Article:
The heater on these is electronic - mine was stuck on hot as a new control unit was ££££ back in 1995 - I merely bypassed the matrix using a valve from a plumber's merchant.

15/50 is the ideal oil as using 10/40 means high oil consumption and smoke on start up.

These CIH engines can sound "cammy" but nothing to worry about.

You will spend more time chasing rot on one of these than actually spannering. Well done chaps.

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Thanks Bren.  We did spot a hole in one chassis leg today, but most of the rot on this is just surface and age related.  It's far from being a weldathon, and helps that it was garaged and hardly used for 10 years, or before that having just 70k.

For the price we paid, and if we can keep costs down, it's just a car to smoke about in and not go crazy over.  I think egg's in agreement there.

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This morning I had a go at changing the middle exhaust section that has blown (there's two on this).  Parts and assorted crap assembled.

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HSE note.  I got the car fully on the ramps after this shot.

The three bolts here were relatively easy to shift with heat applied.

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Shifting it off one hanger was a faff, but fortunately my Dad was on hand to help pull the exhaust aside.  The rubbers have neat retaining washers and were very pliant and in good condition.  31 year old OE probably as they have a GM stamp on them.

Interesting pic of an exhaust rubber at full stretch...

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Here's where things stopped.  As I anticipated separating it from the back box will be a PITA. 

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Flaring the end was a futile gesture, but that can be fixed later.  I tried MAP heat and twisting it from the far end in an attempt to crack it, but nowt.  A YouTube vid suggests re-attaching the clamp lower down beyond the join, heating the two married up parts and bashing the hell out of the clamp with a lump hammer.  I'll try that another day as it was too hot and I was starting to flag and get irritated.  Only problem is  the limited hammer swinging room.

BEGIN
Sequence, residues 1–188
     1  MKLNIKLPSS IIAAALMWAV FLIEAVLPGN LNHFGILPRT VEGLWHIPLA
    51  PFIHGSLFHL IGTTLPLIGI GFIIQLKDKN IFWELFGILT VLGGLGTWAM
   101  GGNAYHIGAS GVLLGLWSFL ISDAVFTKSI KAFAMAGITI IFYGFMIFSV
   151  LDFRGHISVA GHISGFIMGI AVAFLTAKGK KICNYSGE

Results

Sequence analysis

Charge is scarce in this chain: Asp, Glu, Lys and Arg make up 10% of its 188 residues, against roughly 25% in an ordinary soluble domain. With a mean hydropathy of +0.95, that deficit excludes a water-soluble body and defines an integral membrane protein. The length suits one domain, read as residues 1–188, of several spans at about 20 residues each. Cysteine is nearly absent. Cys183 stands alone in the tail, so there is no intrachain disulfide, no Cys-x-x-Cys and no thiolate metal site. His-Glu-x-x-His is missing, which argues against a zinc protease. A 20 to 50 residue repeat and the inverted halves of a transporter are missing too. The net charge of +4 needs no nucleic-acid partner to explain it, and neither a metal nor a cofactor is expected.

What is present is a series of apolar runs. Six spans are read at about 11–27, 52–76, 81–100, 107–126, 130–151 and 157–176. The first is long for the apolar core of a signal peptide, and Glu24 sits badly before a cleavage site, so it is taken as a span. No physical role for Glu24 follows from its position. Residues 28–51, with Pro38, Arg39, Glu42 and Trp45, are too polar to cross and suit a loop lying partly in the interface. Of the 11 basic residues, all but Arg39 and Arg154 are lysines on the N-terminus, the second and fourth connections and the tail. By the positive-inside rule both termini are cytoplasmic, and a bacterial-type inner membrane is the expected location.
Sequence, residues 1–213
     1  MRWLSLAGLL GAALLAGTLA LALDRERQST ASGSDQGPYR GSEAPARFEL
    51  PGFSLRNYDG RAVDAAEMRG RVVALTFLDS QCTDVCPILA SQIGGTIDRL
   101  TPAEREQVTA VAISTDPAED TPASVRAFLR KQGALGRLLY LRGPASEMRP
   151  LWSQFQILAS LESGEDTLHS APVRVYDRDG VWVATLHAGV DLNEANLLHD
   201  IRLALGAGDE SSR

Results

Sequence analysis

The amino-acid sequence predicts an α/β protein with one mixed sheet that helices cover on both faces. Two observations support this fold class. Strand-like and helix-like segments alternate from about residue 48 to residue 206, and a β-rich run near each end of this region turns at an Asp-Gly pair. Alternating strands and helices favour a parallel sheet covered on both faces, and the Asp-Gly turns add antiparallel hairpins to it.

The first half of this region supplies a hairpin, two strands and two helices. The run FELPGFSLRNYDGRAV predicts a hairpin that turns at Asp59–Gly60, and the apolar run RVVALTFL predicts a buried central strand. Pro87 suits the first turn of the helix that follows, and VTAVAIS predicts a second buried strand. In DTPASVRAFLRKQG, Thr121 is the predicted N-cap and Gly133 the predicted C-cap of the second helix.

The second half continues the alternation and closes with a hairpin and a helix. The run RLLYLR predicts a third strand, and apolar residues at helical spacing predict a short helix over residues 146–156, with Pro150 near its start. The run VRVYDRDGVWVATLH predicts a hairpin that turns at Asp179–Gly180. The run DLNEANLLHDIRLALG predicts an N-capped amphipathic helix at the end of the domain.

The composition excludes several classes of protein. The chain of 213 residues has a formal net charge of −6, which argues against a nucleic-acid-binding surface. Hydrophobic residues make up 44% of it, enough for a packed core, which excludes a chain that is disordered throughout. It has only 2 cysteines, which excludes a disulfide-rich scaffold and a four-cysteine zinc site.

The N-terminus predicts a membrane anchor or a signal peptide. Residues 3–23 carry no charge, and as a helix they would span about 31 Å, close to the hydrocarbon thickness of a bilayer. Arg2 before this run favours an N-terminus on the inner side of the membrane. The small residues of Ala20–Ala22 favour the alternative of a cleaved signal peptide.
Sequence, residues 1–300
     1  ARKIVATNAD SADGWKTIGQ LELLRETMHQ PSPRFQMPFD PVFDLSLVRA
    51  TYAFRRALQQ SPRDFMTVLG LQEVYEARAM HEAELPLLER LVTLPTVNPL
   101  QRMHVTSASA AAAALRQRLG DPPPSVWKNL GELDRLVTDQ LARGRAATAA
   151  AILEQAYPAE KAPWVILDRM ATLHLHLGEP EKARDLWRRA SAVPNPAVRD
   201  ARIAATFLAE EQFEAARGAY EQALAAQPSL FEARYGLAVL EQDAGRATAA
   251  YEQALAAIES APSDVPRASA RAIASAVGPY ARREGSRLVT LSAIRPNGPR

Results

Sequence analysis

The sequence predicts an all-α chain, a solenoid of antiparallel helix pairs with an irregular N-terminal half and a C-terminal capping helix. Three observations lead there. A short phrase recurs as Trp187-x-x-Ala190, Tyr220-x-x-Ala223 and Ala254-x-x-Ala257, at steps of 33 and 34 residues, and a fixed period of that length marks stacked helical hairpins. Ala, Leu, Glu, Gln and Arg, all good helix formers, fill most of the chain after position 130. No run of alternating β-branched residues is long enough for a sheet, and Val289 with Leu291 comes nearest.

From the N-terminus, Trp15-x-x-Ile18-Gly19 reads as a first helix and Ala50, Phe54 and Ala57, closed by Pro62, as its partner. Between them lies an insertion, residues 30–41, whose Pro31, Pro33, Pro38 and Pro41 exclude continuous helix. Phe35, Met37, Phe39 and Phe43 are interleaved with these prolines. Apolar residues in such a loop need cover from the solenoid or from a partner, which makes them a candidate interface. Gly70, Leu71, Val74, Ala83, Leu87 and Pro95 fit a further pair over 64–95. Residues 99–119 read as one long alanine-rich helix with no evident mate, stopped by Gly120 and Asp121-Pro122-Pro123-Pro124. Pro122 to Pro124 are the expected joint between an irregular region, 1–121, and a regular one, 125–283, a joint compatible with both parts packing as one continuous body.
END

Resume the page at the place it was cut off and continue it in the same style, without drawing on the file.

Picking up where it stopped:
Or grind it off and sleeve the new one on, but that sounds convoluted and might not seal properly unless I get a tight fit.

Also, fully underneath with it up on ramps I found some more rot.  Chassis rail yellow MoT chalk candidate too.  Never mind, I suppose that's the nature of a project, finding new joys each time!

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It had crossed my mind yes. Considering how relatively easy the bolts and rubbers were, puckering up and buying a back box might be more sensible.  I can then swap over both mid sections as sods law that'll blow soon.

Edit: also lying on your back doing exhausts is painful, dirty work.  Got rust flecks in my eye despite goggles.

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The difference between a genuine and cheap shit exhaust is astounding. I paid £170 for a genuine system in 1995 from plp in Warrington. You got a hernia carrying the bits. Had it fitted at a local tyre place.

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^^That looks like it. Urgh, 110 sovs? I suppose split between us it isn't tooo bad.

Thanks for the offer sutty, but the tailpipe is too short on yours unfortunately.